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Using Boiling Water to Kill Weeds: All You Need To Know

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Using Boiling Water to Kill Weeds: All You Need To Know

People have been using boiling water to kill weeds since the first patent was made official way back in the 1880s. It’s not really a new thing.

Unfortunately, it’s also not a very practical method for mass growing, so it can’t really be used in commercial farming.

However, the idea of using boiling water as a weed killer on small farms is still there and still viable. It’s called thermal weed control and its whole point is to distort plant cells by shifting heat energy onto them.

It works because water is simply one of the most effective energy transfer methods in existence. It’s far more efficient than steam and air, capable of transferring up to twenty-seven times the energy of the latter.

And since water naturally flows down into the ground of its own accord, it’s the easiest method for reaching the roots. That, of course, is compared to steam or air which usually rises first, thus negating some of the heat energy.

Does boiling water kill weeds? Yes, it does. Best of all, it’s an excellent alternative to Roundup since pure hot water carries no chemicals and you can get it for free!

Hot Water for Weed Control

Plants are delicate, which is one reason boiling water works so well. For everyday gardens, sidewalks, and between pavers, it’s the perfect natural weed killer and it’s entirely non-toxic.

So long as you’re careful about where you apply it, pouring boiling water on weeds won’t harm any of your other plants in the garden or lawn grass nearby.

It has no effects whatsoever on you, so long as you dress appropriately. 


  • Long pants
  • Long sleeves
  • Closed shoes

When killing weeds with boiling water, the less exposed skin, the better. This will help prevent accidental burns.

Identifying the Weeds

Make sure of what you’re intending to get rid of before diving in, lest you inadvertently eliminate something you want to stick around.

Anything hit by accident, regardless of weed or vegetable, will start to wither extremely quickly. This method works best for sidewalks, in cracks, and the edges of your lawn and garden.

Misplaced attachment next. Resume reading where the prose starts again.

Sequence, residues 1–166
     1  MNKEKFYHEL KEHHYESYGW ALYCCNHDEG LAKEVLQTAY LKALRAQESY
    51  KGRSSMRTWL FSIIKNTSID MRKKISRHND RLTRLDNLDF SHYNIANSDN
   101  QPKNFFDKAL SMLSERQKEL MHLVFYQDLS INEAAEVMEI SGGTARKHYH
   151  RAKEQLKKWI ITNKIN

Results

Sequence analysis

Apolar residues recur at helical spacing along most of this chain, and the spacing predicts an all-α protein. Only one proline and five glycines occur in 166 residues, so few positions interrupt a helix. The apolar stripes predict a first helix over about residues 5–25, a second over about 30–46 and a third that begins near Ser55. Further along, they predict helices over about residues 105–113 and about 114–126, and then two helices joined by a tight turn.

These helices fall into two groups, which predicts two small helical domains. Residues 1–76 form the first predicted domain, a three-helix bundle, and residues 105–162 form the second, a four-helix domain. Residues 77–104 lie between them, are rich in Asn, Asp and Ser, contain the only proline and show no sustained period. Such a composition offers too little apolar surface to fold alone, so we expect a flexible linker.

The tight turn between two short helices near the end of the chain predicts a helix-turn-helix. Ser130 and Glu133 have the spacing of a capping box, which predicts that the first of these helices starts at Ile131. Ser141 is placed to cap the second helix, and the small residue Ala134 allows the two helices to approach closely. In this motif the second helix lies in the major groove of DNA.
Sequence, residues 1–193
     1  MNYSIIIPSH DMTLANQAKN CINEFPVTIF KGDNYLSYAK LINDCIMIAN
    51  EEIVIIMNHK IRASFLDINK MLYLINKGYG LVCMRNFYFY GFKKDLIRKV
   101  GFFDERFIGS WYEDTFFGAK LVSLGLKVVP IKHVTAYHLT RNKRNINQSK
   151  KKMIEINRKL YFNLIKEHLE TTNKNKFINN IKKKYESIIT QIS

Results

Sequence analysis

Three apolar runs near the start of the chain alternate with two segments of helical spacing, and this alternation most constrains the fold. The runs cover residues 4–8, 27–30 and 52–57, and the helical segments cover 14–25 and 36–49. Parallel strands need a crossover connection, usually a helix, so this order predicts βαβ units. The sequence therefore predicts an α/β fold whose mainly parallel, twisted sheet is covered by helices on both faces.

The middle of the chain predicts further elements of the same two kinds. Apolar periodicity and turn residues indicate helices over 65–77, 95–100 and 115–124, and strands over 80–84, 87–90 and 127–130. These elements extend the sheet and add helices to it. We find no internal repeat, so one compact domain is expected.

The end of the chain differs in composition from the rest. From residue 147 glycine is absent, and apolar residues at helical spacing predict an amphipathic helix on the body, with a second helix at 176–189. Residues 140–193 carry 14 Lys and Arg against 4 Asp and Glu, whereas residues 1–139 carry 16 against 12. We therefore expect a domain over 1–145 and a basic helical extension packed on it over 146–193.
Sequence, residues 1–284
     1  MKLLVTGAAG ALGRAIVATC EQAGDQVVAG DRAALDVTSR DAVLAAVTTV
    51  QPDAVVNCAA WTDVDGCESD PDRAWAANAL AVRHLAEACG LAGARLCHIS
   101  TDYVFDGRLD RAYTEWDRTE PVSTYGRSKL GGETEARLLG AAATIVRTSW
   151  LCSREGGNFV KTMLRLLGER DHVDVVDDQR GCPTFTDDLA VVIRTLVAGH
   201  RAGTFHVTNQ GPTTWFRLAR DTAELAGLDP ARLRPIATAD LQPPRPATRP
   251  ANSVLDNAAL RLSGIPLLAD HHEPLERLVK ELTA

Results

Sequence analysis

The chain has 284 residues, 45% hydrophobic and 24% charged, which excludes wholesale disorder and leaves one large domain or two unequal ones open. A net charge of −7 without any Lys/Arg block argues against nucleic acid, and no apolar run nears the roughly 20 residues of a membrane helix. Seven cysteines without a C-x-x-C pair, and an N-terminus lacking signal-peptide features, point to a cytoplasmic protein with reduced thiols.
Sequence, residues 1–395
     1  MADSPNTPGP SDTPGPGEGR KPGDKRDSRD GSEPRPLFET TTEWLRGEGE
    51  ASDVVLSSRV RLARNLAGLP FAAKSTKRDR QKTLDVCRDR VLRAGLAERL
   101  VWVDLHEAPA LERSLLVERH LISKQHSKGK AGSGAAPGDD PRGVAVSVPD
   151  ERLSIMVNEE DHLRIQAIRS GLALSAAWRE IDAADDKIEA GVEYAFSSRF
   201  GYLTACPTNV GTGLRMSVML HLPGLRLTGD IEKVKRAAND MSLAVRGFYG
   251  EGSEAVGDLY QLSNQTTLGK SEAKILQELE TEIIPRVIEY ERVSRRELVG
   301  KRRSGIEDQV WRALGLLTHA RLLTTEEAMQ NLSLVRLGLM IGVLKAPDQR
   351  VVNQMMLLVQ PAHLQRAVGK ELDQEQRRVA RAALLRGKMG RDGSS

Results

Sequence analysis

The Heating Process

Fill up a teakettle and set it on the stove to boil.

It might be convenient to have a thermometer handy since the water will need to reach approximately 200 degrees Fahrenheit, as stated by the University of California Integrated Pest Management Online.

You’ll want to check to make sure the water is as close to temp as possible.

Killing the Weeds

Make sure to protect your hands with either Oven Mitts or Kevlar Gloves before turning off the stove and taking the kettle outside.

Be extra careful, but as quick as possible while making your way to the troublesome green pests. The temperature of the water will drop increasingly quickly and it’s important to be precise.

You aren’t going to want to make frequent and time-consuming trips back and forth to boil more water if you can help it. Once in place, hold the kettle’s spout so it tips directly onto the weeds in question.

If you think it’ll make it easier, you can always snip off the fronds of the critters. This way, the water has a more direct path into the root system.

Aim carefully for the roots so as not to damage anything else that might be in the path of the killer liquid. If you’re not careful, the boiling water will kill grass, clover, dandelions, and other plants you want to keep.

Avoiding Splashes

You’re holding a kettle full of potentially dangerous, scalding water designed to destroy pesky invaders in your garden. No doubt you’re a little worried about any friendly fire when pouring boiling water on weeds.

The best way to curb this is to squat or kneel and pour the water down from a low height. This will make it splash far less than if you held it up at hip height.

Will Weeds Grow Back?   

If you do happen to see a stubborn reappearance of one thought long dead, then just reapply the water treatment, same as before. The plant is going to start getting weaker with each new application.

Usually, it only takes about two or three treatments to see permanent results. However, it’ll be worth it in the end when you don’t have to pull them anymore.

Can You Use Vinegar Instead of Water? 

Yes, instead of water, you certainly can use this handy household product to get the job done. Read: How to Use Vinegar to Kill Weeds: The Ultimate Guide

Simply boil the vinegar and apply or spray it on the same way to any stubborn weeds that may have gotten a real solid foot in the door.

And this is a double-whammy as it gets rid of them permanently. The heat from the liquids sears the outside while the vinegar invades the internal tissue and finishes the job below the soil.

Just make sure not to overdo it, or you could overwhelm the soil. 


Weeds are a pain in the neck. They’re the rabbits of the plant world; they multiply rapidly, driving everyone crazy from simple gardeners to professional farmers.

They steal valuable nutrients and real estate from crops and they just straight up don’t look appealing.

Chemically composed herbicides are popular to use right now. But more and more studies are cropping up stating how detrimental they are to the health of the crops and the consumers.

Since organic options are more and more in demand, utilizing the “hot water sprayer for weeds” method is gaining a reputation as one of the easiest and most cost-effective natural weed-killing options.

Sasha Brown

Sasha Brown is a blogger and lover of all things natural.

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